Bright 'n' Breezy January 15-17, 2016
No event in 2014
Steve Lee - 2016 Champion
Last Chance (64)
Doggy Paddle (32)
Friday 150 (44)
Jon Barnes & Paul Gilbertson
Mick Vacarey Poker Tankard
Biddle & Bray / Jon & Romolo
(to be updated)
Grand Prix points for this tournament
|10.47||Alison van Loon|
NB: See here for Championship listing
Biba Backgammon Tour points for this tournament
|0.50||1||Alison van Loon|
Click here for BBT web page
Bright 'n' Breezy January 2016
Report by Michael Crane
According to my reckoning I was expecting around 85 or 86 ..... 103 turned out! Not bad at all, but not a record, the highest turnout was 116 in 2002 when the late, Brian Busfield, won it. Getting so many non- Pre-Registered entrants might sound good . . . but it could have been very bad! More on this later . .
It all kicked off Friday night when 44 sat down to play. It might have been 45 but one entrant refused to enter having not read the information sent out via the Bibafax, the web site and Facebook and didn't want to pay to enter. What more can I do to ensure all relevant information gets out there? Knock on your door and tell you face-to-face?
The 44 were whittled down to the semis between Graham Read vs Dorothy Lee and Paul Gilbertson vs Wayne Joseph; fixtures from which Graham and Paul emerged into the Final. Graham prevailed and he took top points (BBT and GP).
Saturday morning saw the draw slowly creep past the 86 mark and there then followed a rush to find more seating! By 1 o'clock we'd got the extra chairs and tables sorted and the draw was made. Defending Champion, Jerry Limb fell in his match to Cecelia Sparke. Former winners; Bob Young fell to Ana Mancino in Round 2, as did John Hurst to Paul Plumptre and Geoff Conn to Kevin Jones - so a new name was going to be added to the list.
In the semis pitched against each other were Steve Lee vs Neil Davidson and Eric McAlpine vs Mike Murton - and Steve and Eric came out to face each other in the Final.
The match began with Steve (black) winning two points in the first game and by Game 7 they were tied at 5-5. By Game 10 Steve had dropped to 6-8 and Eric took the next game to 6-10 Crawford; the score starts to move in Steve's favour 7-10, 8-10 and it's here it all happens ...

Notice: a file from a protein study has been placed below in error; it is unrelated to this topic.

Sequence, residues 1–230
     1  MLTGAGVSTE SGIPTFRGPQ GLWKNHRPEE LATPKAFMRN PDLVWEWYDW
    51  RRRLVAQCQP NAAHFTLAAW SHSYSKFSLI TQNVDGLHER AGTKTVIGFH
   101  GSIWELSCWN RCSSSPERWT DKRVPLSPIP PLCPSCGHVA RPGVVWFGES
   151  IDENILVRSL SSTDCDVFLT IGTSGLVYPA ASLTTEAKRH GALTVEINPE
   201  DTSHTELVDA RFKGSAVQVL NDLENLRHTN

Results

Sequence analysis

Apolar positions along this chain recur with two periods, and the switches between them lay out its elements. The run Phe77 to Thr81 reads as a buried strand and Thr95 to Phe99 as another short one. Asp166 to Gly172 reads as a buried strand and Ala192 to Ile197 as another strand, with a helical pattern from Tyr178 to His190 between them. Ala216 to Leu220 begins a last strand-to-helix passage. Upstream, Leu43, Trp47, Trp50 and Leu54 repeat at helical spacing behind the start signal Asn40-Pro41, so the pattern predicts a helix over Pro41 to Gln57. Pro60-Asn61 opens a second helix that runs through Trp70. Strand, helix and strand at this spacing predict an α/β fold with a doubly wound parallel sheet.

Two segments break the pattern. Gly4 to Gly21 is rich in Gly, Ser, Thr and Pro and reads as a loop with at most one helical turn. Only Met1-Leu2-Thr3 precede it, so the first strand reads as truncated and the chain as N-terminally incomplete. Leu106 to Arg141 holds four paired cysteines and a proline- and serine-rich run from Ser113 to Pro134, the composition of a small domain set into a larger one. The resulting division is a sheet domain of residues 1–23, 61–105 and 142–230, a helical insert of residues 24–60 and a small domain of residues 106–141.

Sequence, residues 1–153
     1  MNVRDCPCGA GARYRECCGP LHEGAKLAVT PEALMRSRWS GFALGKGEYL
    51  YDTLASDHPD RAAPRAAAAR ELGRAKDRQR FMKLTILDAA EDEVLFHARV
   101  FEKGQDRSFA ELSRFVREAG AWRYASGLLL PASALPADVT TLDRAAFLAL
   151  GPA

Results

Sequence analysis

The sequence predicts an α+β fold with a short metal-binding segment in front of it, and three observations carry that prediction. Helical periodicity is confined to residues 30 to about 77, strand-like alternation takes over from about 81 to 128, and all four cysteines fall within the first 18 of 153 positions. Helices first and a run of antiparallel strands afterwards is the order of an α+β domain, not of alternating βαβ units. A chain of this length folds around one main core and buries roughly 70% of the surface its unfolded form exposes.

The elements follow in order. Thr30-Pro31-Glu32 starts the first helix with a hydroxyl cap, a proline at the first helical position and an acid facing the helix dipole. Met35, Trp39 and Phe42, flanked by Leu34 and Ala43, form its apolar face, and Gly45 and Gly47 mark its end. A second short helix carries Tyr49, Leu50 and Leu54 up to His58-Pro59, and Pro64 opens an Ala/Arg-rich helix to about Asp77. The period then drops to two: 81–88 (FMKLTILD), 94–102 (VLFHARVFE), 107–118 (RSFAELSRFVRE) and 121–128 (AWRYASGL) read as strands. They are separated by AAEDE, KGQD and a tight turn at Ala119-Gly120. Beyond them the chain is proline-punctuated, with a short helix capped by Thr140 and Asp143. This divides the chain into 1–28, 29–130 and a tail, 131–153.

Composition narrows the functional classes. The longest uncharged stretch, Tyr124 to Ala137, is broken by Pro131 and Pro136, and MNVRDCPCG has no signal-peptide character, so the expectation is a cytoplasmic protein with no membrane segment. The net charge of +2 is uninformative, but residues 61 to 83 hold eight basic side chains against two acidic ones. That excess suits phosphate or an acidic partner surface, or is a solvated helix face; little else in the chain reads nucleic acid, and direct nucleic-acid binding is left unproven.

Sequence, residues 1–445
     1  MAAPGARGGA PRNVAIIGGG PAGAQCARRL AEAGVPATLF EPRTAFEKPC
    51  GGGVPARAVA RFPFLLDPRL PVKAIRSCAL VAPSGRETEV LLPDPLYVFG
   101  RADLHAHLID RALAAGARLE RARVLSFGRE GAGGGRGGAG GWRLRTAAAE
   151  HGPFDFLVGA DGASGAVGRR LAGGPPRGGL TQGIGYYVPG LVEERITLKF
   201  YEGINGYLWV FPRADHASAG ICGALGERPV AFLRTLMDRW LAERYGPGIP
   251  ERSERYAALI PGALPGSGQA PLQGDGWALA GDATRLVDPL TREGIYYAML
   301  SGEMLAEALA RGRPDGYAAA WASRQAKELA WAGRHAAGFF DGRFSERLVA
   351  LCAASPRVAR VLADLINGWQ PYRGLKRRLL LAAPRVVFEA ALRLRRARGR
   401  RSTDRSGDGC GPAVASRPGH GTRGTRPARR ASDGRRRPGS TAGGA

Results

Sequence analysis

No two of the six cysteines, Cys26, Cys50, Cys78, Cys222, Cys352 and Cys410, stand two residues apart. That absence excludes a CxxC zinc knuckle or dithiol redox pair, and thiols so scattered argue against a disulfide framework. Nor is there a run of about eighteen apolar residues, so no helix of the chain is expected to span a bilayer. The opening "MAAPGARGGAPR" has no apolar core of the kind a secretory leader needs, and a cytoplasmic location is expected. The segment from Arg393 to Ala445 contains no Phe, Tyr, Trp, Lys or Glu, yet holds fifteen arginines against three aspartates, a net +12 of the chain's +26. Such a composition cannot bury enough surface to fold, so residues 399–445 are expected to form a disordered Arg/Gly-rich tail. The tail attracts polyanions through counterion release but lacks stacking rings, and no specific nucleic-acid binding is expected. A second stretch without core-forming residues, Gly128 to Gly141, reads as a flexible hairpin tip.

It all starts off OK, Steve starts with 63: 24/18, 13/10. Quite correct for today's play making the 'old' play of running a back checker 24/15 an error.
Eric's reply turned out to be a big mistake (a 1296 rollout didn't really cover it attributing it as an error @ -0.024). As expected, Steve cubed and Eric took.
Steve then rolled . . .
. . . which, in itself looks good but it is a blunder according to XG. Preference is given to 25/22, 8/5*(3) avoiding a direct blot on the 5-point. Considering that Steve's looking for a gammon and the match leaving a 5-point blot on isn't the right way to go about it. He needs to make inner points and to make them quickly. Eric came in with 64: 25/21.
Steve misses a great opportunity here to put Eric back on the bar with 8/4*, 6/4; instead he chooses to make his 18-point and lift the 2. As mentioned above his priority is a gammon and this play almost halves his gammon chances (GC).
Eric comes in and hits further reducing Steve's GC into the bargain. Steve comes in followed by Eric with 63: 22/13.
Eric's two blots are back on the bar but Steve still hasn't made his very important 5-point. Slightly better (according to XG) is the simple 13/5*(2).
A great roll for Steve as he keeps on hitting.
Eric dances on Steve's two-point board.
A much better play here is shipping across two checkers from the mid-point, 13/9, 13/8. It blocks off escaping 44 while giving the same covering rolls for the 5-point or other.
At last, the 5-point is made. Eric is now in real trouble; with around 19% game winning chances (GWC) and with Steve on 60% GC it looks very likely that Steve will prevail. All he has to do is close off his remaining open points, bearoff safely and take the match.
One more 4 from Eric and he's back in the game.